Authorities in the Democratic Republic of the Congo (DRC) are racing to contain the Ebola virus after an infected man with a large family contaminated several people amid fears the epidemic could last two to three years in the country.
“The gold miner … will have contaminated several people, but for the moment it is only his wife and one of his 10 children who are sick,” the government’s Ebola response coordinator Jean-Jacques Muyembe said on Friday.
Muyembe said the wife of the miner, who died of Ebola in eastern DRC, tested positive for the disease – the fourth case confirmed in Goma, capital of North Kivu province which is where the outbreak started.
The miner’s one-year-old daughter was confirmed on Thursday to have contracted the virus.
Meanwhile, the World Health Organization (WHO) on Friday said seven relatives of the gold miner have been placed under surveillance as a precaution in Goma,
The seven had sparked a scare on Wednesday after travelling from Goma to the town of Birava in neighbouring South Kivu, a province that has so far escaped the year-old epidemic
“All seven were vaccinated and brought back to Goma. We put them up in a hotel last night and today we put them in an apartment to keep them there for monitoring,” WHO’s Ebola coordinator Dr Boubacar Diallo told the AFP news agency.
Officials are now trying to trace anyone who came into contact with the gold miner.
‘Could last 2-3 years’
Muyembe said an estimated half of cases of Ebola – which has killed at least 1,823 people since the outbreak started a year ago – were going unidentified.
“If we continue on that basis, this epidemic could last two or three years,” he told a news conference in Goma.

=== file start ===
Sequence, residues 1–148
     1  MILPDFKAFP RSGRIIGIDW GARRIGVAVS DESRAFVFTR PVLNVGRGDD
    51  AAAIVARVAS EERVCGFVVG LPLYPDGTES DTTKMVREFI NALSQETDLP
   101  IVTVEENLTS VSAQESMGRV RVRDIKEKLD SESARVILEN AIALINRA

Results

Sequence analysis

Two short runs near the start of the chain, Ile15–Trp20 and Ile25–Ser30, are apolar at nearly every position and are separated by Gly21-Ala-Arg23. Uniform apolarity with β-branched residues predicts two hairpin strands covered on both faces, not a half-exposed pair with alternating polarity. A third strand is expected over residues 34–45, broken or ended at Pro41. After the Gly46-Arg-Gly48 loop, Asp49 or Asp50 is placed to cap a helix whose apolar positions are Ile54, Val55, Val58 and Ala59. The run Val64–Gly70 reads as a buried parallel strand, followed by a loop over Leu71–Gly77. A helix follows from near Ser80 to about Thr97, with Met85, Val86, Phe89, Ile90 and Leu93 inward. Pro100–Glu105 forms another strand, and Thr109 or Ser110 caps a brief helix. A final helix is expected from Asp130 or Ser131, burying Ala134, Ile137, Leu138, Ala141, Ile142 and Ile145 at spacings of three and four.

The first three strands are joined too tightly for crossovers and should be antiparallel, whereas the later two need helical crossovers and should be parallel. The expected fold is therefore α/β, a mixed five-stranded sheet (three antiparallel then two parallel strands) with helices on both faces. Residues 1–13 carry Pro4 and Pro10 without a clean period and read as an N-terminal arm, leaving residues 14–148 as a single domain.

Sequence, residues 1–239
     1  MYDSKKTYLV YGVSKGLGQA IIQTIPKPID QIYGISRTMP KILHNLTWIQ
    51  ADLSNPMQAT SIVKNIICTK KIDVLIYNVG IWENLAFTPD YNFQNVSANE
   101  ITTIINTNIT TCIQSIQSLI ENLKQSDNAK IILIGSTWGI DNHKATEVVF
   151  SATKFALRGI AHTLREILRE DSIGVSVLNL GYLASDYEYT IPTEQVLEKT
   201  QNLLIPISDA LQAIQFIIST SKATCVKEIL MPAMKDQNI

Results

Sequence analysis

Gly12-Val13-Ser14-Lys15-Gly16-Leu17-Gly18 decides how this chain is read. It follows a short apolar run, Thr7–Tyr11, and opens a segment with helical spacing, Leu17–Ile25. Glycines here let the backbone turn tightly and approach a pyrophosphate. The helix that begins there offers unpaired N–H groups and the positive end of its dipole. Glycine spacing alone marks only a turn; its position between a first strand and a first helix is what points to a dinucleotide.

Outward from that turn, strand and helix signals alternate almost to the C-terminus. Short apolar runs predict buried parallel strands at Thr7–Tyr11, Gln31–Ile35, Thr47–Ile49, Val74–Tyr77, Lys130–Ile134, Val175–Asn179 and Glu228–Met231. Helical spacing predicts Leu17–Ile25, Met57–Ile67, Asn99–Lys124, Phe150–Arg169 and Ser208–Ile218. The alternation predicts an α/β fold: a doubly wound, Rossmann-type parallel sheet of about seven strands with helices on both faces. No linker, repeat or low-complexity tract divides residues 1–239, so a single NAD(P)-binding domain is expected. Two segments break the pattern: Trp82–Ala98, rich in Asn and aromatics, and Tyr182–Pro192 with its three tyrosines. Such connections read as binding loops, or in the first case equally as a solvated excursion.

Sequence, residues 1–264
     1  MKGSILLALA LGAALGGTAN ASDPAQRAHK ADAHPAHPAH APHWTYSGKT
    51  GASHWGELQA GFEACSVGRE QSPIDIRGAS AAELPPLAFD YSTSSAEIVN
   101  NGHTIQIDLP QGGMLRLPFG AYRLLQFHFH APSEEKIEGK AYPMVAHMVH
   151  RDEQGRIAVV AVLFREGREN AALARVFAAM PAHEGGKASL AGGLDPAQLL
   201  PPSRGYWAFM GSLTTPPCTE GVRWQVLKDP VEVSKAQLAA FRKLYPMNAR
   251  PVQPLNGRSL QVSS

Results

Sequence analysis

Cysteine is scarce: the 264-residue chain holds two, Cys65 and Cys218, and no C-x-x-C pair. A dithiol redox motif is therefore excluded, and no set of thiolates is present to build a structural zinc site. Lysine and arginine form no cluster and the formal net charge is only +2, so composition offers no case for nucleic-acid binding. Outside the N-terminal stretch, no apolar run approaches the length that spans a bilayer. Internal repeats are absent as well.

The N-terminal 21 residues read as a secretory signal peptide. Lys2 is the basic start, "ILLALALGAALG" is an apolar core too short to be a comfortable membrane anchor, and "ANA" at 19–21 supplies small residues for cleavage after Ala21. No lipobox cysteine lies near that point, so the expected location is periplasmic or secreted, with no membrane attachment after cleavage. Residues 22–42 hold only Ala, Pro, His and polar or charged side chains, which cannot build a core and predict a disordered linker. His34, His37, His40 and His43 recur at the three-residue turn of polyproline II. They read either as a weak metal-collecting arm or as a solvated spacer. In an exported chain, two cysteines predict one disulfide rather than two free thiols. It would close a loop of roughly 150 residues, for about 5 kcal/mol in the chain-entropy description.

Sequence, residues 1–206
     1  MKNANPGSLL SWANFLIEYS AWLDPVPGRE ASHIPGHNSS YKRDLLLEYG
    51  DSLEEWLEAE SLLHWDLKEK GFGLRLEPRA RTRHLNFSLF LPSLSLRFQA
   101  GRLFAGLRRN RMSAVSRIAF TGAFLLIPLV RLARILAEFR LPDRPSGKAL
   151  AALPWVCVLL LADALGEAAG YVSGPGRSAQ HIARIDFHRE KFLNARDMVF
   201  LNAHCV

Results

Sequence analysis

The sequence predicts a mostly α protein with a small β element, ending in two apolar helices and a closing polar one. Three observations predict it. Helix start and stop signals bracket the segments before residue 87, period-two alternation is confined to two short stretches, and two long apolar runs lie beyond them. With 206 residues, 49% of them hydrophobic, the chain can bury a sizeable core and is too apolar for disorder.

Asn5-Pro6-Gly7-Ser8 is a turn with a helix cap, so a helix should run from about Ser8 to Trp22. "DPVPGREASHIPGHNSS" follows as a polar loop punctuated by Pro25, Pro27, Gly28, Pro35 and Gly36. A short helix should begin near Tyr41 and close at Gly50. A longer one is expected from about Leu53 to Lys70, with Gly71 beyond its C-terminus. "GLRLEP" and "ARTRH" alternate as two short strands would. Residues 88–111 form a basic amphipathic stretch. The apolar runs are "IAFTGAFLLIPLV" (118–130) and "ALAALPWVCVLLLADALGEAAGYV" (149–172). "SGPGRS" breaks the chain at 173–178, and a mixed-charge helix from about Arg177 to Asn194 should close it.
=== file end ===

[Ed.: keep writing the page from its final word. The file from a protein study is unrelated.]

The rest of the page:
Reporting from Nairobi in Kenya, Al Jazeera’s Malcolm Webb said Muyembe was among the scientists who first discovered the Ebola virus in the DRC in the 1970s.
Webb said Muyembe’s appointment a week ago as the DRC government’s Ebola response coordinator is being seen as a “positive move that the response is being taken from the politicians and given to the scientists”.
This is the second-worst Ebola outbreak on record, after a 2013-16 West African epidemic infected 28,000 people and killed 11,300, mostly in Liberia, Guinea and Sierra Leone.
The WHO last month elevated the outbreak status to a global health emergency.
On Thursday, neighbouring Rwanda closed its border with the DRC amid concerns over the spread of the disease, a move criticised by health officials.
“When you close borders … two things happen: first you get panic, people see this as a signal to start panicking,” WHO spokesperson Margaret Harris told reporters in Geneva.
“Second, people who do have symptoms go underground … so we are even less likely to detect where this virus is moving,” she said.
The Ebola virus causes fever, vomiting, bleeding and diarrhoea, often followed by kidney and liver failure, killing more than half of its victims.